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No, I think we've seen a consistent pattern, and we don't see anything that would indicate that changing. I agree with you. It's probably going to be a point or 2 different as we get deeper into that base just because of the size and because maybe a mix shift inside of what's left at the maintenance base.

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Kenneth Richard Talanian, Evercore ISI Institutional Equities, Research Division - Analyst [30]

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Great. And are you seeing any nonpayer conversion from the shift to a serial-number-free licensing model?

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Andrew Anagnost, Autodesk, Inc. - President, CEO & Director [31]

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We always see nonpayer conversion every year. So one of the things -- I just have to say it because I say it every call, this nonpaying conversion thing isn't going to be this big explosion, all right? It's an ongoing process. Some of these people have very clever ways they continue to not pay us. But what I will tell you is that we successfully rolled out some really interesting ways to have conversations with these customers and engage with them directly, and we are learning a lot that we think is going to play pretty significantly into our long-term strategy with regards to converting these people. We have direct engagements with them. We can track where they go after an engagement, whether or not they continue to pirate or they pursue some kind of other path. So we're learning a lot, and that's what we expected to do this year. Every year, we convert nonpaying users into users. Every year, we convert more than we did the previous year. But more importantly, every year, we're learning more about how to effectively engage with these customers. And that should give you a really good feeling about the long-term growth prospects as we start looking at those 14 million nonpaying users and converting them over the next few years.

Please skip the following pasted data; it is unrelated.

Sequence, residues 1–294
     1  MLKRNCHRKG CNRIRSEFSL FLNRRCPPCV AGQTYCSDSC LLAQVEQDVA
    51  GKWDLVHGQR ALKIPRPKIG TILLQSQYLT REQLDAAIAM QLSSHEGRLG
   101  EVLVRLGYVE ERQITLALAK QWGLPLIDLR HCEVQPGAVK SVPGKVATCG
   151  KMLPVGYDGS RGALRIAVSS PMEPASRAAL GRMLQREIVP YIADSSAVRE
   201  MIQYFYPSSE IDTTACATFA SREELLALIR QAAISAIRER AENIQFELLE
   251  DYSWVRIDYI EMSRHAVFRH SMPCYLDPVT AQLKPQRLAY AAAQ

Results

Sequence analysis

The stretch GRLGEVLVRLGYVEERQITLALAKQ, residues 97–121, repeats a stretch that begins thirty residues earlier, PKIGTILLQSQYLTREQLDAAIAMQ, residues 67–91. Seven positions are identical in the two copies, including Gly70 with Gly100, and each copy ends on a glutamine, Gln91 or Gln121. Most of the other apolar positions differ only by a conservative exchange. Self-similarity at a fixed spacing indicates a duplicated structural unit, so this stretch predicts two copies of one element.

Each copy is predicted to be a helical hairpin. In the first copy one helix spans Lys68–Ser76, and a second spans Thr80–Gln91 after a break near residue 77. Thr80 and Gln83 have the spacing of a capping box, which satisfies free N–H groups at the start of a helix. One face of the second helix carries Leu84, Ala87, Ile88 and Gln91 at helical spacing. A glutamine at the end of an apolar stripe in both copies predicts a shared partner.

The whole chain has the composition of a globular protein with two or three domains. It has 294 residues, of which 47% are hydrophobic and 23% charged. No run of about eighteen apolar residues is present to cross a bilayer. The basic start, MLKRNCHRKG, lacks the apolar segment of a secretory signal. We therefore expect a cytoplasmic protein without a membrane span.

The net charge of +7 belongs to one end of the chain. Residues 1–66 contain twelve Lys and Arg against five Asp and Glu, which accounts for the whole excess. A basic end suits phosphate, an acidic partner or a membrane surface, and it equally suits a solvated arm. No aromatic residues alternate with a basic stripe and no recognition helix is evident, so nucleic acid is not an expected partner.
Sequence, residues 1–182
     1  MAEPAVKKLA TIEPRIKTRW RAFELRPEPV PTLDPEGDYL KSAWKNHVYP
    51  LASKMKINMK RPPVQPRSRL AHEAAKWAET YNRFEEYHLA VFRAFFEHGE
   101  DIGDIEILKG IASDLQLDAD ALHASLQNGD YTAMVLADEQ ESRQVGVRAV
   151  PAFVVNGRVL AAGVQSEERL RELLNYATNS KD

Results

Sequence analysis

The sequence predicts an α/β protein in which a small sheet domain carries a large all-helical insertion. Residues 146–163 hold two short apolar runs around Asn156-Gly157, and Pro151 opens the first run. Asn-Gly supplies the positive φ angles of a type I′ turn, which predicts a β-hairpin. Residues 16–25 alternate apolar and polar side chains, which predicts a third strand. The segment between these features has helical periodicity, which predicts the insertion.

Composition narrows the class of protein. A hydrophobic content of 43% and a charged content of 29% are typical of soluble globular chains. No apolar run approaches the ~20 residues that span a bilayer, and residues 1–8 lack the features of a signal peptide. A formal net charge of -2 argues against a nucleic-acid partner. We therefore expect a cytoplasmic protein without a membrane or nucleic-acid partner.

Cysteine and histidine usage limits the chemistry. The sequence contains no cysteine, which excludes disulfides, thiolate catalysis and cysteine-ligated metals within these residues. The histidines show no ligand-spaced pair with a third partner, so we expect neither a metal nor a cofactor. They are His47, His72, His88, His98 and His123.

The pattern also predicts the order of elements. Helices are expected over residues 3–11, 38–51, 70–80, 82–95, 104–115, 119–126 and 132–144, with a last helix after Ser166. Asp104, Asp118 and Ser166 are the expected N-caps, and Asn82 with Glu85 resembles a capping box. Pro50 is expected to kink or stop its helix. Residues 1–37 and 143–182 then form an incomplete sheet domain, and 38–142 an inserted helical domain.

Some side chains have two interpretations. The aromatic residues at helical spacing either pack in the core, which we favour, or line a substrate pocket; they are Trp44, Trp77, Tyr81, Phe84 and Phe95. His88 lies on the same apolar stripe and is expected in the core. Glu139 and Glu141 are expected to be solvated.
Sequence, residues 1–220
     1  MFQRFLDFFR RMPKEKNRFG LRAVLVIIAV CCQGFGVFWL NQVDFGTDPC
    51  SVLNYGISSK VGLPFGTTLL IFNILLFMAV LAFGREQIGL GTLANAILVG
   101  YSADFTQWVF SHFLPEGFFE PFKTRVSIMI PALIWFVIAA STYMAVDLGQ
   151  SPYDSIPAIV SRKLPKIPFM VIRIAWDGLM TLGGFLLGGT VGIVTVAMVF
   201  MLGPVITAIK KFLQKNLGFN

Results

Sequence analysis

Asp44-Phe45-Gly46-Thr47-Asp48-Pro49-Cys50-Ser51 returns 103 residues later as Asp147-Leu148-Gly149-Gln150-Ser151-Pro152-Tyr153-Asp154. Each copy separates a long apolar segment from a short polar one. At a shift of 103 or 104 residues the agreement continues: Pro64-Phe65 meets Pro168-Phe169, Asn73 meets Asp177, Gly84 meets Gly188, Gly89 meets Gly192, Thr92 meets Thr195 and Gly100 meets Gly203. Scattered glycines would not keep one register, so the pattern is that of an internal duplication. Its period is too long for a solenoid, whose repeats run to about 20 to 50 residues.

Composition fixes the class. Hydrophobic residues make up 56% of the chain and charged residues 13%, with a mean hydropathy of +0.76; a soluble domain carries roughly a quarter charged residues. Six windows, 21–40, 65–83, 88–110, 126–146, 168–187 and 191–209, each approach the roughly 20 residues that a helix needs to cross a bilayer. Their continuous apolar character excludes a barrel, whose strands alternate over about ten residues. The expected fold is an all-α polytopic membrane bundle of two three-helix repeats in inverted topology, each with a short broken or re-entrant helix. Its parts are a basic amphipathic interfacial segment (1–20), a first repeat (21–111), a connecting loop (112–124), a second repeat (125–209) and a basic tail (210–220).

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Operator [32]

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Our next question comes from Sterling Auty of JPMorgan.

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Sterling Auty, JP Morgan Chase & Co, Research Division - Senior Analyst [33]

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I think you gave commentary that you saw strength across the geographies. Obviously, we see the pie chart with the percentages. But just wondering about some color commentary. Looking at the PMI results coming out of Europe today, there's been questions in other areas of software around possible squishiness here in North America. What are you seeing from just a macro by geography?

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Andrew Anagnost, Autodesk, Inc. - President, CEO & Director [34]